Code Coverage vs Test Coverage: Differences you need to know

test coverage vs code coverage
By , Head of Test Automation

Code coverage and test coverage are two of the most important metrics in software testing, but they often get confused with each other. So, what’s the difference?

In this article, we will take a closer look at the distinctions between code coverage vs test coverage. We will also discuss why these metrics are important, and how to use them to improve your software’s quality.

What is Code Coverage?

Code coverage is a fundamental metric in software testing that measures the proportion of your codebase that has been executed by your test suite. It helps you evaluate the effectiveness of your testing efforts by revealing which parts of your code have been tested and which parts remain untested.

For instance, if you have tested 80% of your code, your code coverage will be 80%. Increasing your code’s coverage is generally a good practice, because it helps uncover potential bugs and it ensures that your code behaves as expected in a wide range of scenarios.

What is Test Coverage?

Test coverage is a measure of how much of a software application's code and functionality has been tested. It helps assess the thoroughness of testing by quantifying the percentage of code statements, branches, and requirements that have been exercised by tests. In essence, it tells you which parts of your software have been checked for correctness and which areas might still remain untested.

Test coverage metrics help identify gaps in your testing efforts, ensuring that critical parts of the software are not overlooked. Its goal is to achieve a high coverage of your tests to minimize the risk of undetected bugs in the software, although 100% coverage is often difficult to achieve and it’s not always necessary.

Code Coverage vs Test Coverage

Take a look at the comparison table below that demonstrates the distinctions and similarities between Code Coverage vs Test Coverage in the context of software development.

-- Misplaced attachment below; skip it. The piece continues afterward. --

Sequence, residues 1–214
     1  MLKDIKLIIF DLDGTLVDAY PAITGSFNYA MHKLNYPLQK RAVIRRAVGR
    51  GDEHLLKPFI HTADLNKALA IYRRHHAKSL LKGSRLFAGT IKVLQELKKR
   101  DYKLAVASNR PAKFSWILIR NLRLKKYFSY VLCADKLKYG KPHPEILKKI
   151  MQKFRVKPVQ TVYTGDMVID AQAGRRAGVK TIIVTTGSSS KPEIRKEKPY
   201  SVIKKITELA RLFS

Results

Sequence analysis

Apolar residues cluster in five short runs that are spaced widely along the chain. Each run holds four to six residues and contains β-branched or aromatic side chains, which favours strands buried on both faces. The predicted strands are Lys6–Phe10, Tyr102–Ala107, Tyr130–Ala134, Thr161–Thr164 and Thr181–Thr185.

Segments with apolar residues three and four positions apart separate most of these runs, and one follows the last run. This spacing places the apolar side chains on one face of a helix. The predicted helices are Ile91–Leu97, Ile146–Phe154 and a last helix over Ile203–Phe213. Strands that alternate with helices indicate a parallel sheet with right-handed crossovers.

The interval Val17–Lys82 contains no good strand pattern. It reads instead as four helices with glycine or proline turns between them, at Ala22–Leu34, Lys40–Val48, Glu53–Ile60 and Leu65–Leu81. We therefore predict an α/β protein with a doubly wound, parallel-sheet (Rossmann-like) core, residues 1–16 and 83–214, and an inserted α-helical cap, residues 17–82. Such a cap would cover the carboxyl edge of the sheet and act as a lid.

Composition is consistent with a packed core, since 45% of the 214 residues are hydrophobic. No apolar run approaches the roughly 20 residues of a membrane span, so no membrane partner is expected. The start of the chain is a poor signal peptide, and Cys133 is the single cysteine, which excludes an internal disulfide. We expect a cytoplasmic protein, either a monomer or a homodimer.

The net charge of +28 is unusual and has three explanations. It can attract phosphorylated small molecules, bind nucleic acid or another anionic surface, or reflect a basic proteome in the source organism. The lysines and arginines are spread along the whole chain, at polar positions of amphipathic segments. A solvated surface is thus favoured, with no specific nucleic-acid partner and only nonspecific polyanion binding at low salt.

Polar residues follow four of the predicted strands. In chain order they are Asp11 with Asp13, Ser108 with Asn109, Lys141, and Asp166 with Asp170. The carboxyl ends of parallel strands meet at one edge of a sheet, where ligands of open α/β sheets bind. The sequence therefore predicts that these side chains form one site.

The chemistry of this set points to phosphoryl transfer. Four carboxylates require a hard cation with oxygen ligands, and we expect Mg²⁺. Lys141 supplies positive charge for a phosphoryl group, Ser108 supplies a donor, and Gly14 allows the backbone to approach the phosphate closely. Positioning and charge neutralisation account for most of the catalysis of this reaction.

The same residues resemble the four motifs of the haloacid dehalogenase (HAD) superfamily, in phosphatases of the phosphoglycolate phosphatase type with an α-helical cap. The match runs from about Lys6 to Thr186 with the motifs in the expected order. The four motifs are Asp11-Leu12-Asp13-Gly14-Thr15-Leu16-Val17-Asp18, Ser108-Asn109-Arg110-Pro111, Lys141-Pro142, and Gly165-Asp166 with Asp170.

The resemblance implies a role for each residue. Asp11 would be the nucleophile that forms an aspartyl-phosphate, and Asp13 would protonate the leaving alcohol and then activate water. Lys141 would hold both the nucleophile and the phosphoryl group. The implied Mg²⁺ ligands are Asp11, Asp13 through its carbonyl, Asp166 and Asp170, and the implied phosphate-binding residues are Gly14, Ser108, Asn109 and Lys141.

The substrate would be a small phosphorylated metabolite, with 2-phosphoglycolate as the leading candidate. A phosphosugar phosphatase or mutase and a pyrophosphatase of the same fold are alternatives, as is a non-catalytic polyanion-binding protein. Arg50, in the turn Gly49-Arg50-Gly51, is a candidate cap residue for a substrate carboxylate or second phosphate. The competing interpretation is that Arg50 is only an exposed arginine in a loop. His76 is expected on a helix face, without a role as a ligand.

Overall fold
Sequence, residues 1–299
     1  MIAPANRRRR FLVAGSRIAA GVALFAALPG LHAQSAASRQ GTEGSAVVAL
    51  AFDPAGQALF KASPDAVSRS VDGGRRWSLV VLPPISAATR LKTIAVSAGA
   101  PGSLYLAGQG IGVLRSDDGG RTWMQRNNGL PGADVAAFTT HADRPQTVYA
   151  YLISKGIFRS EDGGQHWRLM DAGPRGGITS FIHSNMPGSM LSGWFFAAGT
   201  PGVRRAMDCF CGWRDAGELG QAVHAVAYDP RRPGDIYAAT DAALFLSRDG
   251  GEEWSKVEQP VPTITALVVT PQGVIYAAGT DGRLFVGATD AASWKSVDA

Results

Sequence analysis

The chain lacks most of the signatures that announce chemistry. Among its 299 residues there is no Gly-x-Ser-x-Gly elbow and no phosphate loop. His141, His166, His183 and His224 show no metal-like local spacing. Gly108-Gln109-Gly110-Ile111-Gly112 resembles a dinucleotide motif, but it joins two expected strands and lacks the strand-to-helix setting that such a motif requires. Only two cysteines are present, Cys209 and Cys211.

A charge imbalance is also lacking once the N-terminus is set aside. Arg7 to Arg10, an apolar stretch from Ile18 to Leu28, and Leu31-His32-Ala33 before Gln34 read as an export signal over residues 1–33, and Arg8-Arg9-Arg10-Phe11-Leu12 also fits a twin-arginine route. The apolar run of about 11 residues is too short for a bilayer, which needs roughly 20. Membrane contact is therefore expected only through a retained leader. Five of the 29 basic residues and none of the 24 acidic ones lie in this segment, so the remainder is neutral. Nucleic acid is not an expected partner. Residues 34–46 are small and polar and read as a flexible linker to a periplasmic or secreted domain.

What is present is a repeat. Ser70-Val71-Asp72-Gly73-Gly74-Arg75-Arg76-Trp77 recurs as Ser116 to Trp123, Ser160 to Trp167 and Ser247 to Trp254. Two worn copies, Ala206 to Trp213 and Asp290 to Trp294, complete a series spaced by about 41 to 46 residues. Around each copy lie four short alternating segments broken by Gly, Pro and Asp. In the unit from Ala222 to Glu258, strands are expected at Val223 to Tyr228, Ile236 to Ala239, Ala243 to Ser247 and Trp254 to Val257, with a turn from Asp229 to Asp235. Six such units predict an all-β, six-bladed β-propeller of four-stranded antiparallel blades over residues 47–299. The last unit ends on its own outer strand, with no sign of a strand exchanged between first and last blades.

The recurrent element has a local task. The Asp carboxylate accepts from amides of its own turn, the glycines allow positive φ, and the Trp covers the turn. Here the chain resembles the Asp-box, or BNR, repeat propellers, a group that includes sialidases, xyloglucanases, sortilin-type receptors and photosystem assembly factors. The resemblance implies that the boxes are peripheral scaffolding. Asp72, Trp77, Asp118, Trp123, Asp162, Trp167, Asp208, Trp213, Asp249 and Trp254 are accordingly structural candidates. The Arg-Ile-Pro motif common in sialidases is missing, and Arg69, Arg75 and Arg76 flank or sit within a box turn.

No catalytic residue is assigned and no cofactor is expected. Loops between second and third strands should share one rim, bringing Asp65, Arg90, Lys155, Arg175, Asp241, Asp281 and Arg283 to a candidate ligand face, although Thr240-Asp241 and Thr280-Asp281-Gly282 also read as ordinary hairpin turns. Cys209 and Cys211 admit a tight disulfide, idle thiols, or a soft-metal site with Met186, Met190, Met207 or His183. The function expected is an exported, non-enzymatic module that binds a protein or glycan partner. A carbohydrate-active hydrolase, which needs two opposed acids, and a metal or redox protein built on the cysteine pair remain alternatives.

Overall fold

AspectCode CoverageTest Coverage
DefinitionIt helps to measure how much of the source code is executed by tests. It focuses on lines, branches, and statements covered by tests.It helps to evaluate the effectiveness of test cases in assessing the software’s functionality and quality. It measures the proportion of requirements or features tested.
PurposeIt helps assess the thoroughness of your testing efforts by identifying untested code segments and ensuring they are executed during testing.It ensures that test cases are designed to verify the desired functionality, including edge cases, boundary conditions, and potential failure scenarios.
ScaleIt is typically measured at the code level, such as lines, branches, and statements, making it a lower-level metric.It is focused on higher-level functionality, covering use cases, requirements, and user scenarios, making it a higher-level metric.
MetricsCommon metrics include: Line Coverage, Branch Coverage, Statement Coverage, and Path Coverage.Common metrics include: Requirement Coverage, Use Case Coverage, Functional Coverage, and Scenario Coverage.
Use in DebuggingIt is useful for identifying untested code, which can help pinpoint areas that require additional testing and uncover potential bugs.It is helpful in determining whether the test suite is designed to catch specific defects and validate the software’s functionality according to requirements.
Focus on Test CasesIt does not focus on the quality, intent, or relevance of individual test cases. It primarily checks if they execute code.It emphasizes the quality of test cases, ensuring that they are designed to cover various scenarios and verify functionality accurately.
Integration with CI/CDThis metric can be integrated into Continuous Integration/Continuous Delivery (CI/CD) pipelines to ensure that new code doesn’t reduce overall coverage.This metric can be integrated to assess the effectiveness of test suites in CI/CD pipelines, identifying areas that require more attention.
Development ImpactPrimarily impacts developers by encouraging them to write testable code and identify untested sections for better testing strategies.Influences both developers, who write meaningful test cases, and testers, who ensure comprehensive coverage of functionality.